He talks a lot about working on a series.  So I decided to work on a series.  Except it was creating some angst because I couldn't think of what the heck to do a series on.  Should I paint horses, trucks, landscapes, the ocean, people, what?  On top of it I was trying to paint abstract for the first time in my life, while also implementing his color wheel.  It was all very frustrating, and yet good on some level that I was trying something new.  Well, a funny thing happened in this process, I figured out what to do for my series, and it's been right in front on me all along.  Tutus.  Of course.  Why WOULDN'T I think of tutu's is the better question right?  I will tell you why I didn't want to paint tutu's.  I thought how cliche.  I was afraid of being cheesy, of being too cute.  This prevented me from trying.  Then my friend Darlana came by the shop last week, I was going to give her all my tutu fabric because I was just done with it.  She said, "are you sure.  don't you just want to keep some of it? ", and we talked and played with the tutu fabric and created a tutu on canvas in like 15 mins.  I had to admit it was kind of cute.  Almost too cute for me, but not ridiculous.  It got me thinking, I am the tutu lady, these tutu's have  come to me and have something to say, why not listen?  I realized the tutu's need to go on canvas.  I need to put all the things I love together: Tutu's, canvas, paint, collage. I boldly dipped a tutu in paint then glued it on collaged canvas, adding shellac, and more paint and kept going until I liked it.  I added a paper towel that had beautiful ink from another project as a bow and "VOILA", I had my first tutu painting!  Here it is.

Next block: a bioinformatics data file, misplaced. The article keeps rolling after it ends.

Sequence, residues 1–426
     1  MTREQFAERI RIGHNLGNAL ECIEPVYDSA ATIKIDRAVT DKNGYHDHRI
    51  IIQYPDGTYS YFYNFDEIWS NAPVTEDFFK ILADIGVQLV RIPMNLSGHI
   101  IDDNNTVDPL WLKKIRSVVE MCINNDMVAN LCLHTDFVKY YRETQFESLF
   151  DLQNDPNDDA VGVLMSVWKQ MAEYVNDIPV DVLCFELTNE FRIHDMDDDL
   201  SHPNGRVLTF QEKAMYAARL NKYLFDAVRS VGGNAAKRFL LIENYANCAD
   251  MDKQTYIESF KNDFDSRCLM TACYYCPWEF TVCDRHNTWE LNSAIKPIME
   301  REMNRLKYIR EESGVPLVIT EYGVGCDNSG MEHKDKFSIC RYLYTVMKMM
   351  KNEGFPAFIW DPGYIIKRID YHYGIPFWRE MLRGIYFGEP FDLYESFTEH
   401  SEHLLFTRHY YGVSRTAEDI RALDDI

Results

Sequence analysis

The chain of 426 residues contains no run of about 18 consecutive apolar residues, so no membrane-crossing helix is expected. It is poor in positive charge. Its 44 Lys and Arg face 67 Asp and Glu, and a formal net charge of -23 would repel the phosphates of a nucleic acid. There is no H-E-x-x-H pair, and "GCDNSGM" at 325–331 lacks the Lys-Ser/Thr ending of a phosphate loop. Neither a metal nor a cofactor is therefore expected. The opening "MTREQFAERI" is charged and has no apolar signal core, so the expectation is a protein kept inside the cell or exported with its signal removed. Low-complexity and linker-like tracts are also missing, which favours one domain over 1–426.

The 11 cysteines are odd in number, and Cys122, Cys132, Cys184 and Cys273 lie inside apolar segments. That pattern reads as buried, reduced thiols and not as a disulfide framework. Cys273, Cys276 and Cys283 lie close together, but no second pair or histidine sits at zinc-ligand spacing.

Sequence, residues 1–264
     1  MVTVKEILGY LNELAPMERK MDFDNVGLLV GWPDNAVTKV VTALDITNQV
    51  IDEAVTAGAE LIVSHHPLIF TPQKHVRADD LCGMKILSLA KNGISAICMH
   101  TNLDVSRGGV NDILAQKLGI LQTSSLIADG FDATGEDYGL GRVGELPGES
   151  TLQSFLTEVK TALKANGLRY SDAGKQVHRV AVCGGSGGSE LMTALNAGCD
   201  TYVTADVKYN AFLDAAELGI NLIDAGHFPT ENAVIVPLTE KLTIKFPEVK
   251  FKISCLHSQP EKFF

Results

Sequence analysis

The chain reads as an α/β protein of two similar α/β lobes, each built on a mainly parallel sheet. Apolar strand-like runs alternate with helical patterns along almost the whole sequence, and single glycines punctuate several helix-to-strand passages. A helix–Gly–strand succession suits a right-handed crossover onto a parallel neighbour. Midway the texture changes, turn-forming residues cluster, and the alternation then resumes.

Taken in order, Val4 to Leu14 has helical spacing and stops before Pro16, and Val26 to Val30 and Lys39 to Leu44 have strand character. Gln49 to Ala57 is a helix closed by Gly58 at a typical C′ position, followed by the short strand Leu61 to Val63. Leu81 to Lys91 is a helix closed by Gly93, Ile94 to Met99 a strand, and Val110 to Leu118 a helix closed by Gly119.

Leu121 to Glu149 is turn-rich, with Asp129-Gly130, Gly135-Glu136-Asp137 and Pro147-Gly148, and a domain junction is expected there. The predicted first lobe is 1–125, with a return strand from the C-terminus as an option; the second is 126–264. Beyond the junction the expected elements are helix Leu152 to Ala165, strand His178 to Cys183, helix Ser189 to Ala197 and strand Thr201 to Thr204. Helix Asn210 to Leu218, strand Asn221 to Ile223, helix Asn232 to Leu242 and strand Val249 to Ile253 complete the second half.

The first of my series.  Yay!  I have overcome my block and I am going with this, I don't know how many  to do, or what they are all going to be,  but I am inspired.  I want to see how many different ways I can manipulate a tutu on canvas, and I am sure this will keep me busy for quite awhile.  I also set a goal to get my tutu pictures compiled into a book, this is another big goal I have avoided due to the tediousness of the project.  It requires patience and time.  YUCK, I am all about a quick fix so this has been on the to do list for YEARS.  No more.  I am breaking it into manageable chunks, one photo at a time, one page at a time, and eventually I will get there.  It feel so much better to be in action around these things that had me stuck then to avoid them.  This is my lesson.  I am better when I am structured, when I implement goals.  I was floundering for a while there, absorbing everyone else's process instead of working on my own.  It's so much easier to watch others create, to take a class, read a book, look on pintrest and facebook , then it is to do the work.  I also bought the book, "Do The Work" by Stephen Pressfield, it's a must have for the art studio because he nails the demon resistance big time. "Our enemy is not lack of preparation: it's not the difficulty of the project, or the state of the marketplace or the emptiness of the bank account.  The enemy is RESISTANCE.  The enemy is our chattering brain, which, if we give it so much as a nanosecond, will start producing excuses, alibis, transparent self-justifications and a million reasons why she can't/shouldn't/ won't do what we know we need to do."  This is just the front inside cover to his book, there is a lot of meat inside.  I need to refer to this book whenever I feel resistance rear it's ugly head.